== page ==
One thing that non-Brits don't seem to get is "split the difference" which is not film terminology but has confused French, Japanese and Americans in my recent experience, and it's not a language problem.

 

For reference, it's a directive to use something halfway between two recently-discussed options and often comes up when positioning people - "Take a step to your right, no, too much, split the difference."


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#17 Robin R Probyn

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Posted 11 March 2018 - 07:14 AM

haha yes I use that term just instinctively as it seems the best thing to say when your looking through the VF and you ask someone to move, and they move too much.. but yes only seems to work on Brits and Aussies ..


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#18 Anzer Sizov

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Posted 11 March 2018 - 07:25 AM

I have confused Americans with Pete Tong references, but yes I think most places would understand 86 because of staggering American cultural hegemony

 

One thing that non-Brits don't seem to get is "split the difference" which is not film terminology but has confused French, Japanese and Americans in my recent experience, and it's not a language problem.

 

For reference, it's a directive to use something halfway between two recently-discussed options and often comes up when positioning people - "Take a step to your right, no, too much, split the difference."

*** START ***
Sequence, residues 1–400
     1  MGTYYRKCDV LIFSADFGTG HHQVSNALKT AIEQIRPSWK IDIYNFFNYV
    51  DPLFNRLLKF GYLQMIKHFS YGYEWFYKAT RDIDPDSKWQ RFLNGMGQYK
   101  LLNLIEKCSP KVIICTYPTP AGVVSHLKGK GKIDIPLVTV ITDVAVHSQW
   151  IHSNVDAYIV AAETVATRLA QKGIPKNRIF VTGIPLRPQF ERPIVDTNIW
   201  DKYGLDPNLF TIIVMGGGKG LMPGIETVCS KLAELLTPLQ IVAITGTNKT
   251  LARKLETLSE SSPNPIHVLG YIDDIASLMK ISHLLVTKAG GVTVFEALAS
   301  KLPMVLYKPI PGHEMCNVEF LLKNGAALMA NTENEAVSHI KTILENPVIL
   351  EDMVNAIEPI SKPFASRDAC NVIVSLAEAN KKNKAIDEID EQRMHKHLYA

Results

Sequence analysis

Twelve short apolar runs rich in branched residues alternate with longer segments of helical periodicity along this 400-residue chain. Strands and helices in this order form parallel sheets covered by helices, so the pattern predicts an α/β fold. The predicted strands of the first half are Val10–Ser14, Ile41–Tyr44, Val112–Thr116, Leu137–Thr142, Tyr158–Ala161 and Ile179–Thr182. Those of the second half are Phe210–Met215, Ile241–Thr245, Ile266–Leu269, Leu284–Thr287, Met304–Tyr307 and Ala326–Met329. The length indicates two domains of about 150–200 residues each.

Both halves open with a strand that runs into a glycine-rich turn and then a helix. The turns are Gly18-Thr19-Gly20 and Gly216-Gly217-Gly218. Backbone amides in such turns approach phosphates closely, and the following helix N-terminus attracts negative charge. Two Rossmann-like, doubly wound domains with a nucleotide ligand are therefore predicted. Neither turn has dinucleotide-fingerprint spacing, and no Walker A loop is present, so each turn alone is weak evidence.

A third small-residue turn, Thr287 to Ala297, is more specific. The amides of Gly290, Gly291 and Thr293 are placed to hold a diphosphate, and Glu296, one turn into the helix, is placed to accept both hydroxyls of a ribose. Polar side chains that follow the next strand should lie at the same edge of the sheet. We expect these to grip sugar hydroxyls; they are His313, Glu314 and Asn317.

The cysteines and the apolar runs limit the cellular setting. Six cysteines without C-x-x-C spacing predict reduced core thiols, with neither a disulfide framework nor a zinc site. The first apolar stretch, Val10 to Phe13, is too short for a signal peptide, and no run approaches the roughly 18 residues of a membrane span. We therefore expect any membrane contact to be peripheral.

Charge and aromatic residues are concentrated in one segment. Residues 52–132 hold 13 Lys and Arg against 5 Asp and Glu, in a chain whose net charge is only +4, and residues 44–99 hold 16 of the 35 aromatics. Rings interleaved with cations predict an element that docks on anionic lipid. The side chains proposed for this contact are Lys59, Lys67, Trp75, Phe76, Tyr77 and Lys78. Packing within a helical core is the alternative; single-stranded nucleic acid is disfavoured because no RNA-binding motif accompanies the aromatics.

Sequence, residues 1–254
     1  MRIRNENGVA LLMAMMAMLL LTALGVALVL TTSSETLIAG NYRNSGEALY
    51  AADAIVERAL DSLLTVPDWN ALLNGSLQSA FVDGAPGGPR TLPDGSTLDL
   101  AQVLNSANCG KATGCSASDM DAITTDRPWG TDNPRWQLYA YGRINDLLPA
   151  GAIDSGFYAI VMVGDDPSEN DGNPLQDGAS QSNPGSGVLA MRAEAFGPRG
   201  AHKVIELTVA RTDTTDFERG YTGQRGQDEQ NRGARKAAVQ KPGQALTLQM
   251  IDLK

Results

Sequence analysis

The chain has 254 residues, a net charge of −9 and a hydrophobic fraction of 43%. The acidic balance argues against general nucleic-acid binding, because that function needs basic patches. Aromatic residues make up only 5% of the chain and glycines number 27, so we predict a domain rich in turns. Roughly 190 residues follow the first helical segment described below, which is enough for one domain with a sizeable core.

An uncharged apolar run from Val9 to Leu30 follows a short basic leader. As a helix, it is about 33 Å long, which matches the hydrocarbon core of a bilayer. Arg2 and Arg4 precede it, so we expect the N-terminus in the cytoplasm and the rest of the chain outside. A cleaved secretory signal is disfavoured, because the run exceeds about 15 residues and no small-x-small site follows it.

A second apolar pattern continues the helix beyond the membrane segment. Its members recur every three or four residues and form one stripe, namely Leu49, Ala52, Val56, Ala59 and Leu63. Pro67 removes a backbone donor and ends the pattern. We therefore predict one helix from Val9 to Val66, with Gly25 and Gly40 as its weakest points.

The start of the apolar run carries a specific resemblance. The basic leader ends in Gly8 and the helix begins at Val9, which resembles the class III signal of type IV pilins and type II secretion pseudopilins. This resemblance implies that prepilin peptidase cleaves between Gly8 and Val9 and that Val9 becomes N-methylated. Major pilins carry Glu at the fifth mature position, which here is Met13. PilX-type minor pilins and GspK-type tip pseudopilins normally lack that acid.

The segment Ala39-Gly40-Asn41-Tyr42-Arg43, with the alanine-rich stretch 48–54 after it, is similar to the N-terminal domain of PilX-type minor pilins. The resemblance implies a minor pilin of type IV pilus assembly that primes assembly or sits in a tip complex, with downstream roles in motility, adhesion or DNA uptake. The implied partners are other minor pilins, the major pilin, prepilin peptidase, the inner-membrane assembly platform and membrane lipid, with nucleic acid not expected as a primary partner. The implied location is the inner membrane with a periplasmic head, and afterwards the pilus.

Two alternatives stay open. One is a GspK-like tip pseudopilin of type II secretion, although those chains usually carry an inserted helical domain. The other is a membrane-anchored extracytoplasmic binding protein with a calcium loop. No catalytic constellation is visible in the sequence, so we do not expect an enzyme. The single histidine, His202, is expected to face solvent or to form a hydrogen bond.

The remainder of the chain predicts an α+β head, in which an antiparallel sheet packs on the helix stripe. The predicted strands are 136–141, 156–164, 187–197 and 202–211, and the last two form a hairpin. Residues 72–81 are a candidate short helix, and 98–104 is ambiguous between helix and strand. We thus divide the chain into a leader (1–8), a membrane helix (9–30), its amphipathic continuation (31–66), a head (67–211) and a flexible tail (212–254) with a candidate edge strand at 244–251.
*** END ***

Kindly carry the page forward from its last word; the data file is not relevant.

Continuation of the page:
This is wonderful. I can now think of an adequte phrase that exists in Russian but being a non-native speaker I could never come up with something so graceful. "Split the difference". Love that. Thank you. 


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#19 Justin Hayward

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Posted 11 March 2018 - 10:05 AM

 
One thing that non-Brits don't seem to get is "split the difference" which is not film terminology but has confused French, Japanese and Americans in my recent experience, and it's not a language problem.
 
For reference, it's a directive to use something halfway between two recently-discussed options and often comes up when positioning people - "Take a step to your right, no, too much, split the difference."

I hear "split the difference" all the time. (American)


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#20 Jeff patnaude

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Posted 20 March 2018 - 02:36 PM

OK- I have one to add.

I've heard one slang term for a dolly move called a "Micky Rooney."

 

A slow, little creep.

 

Jp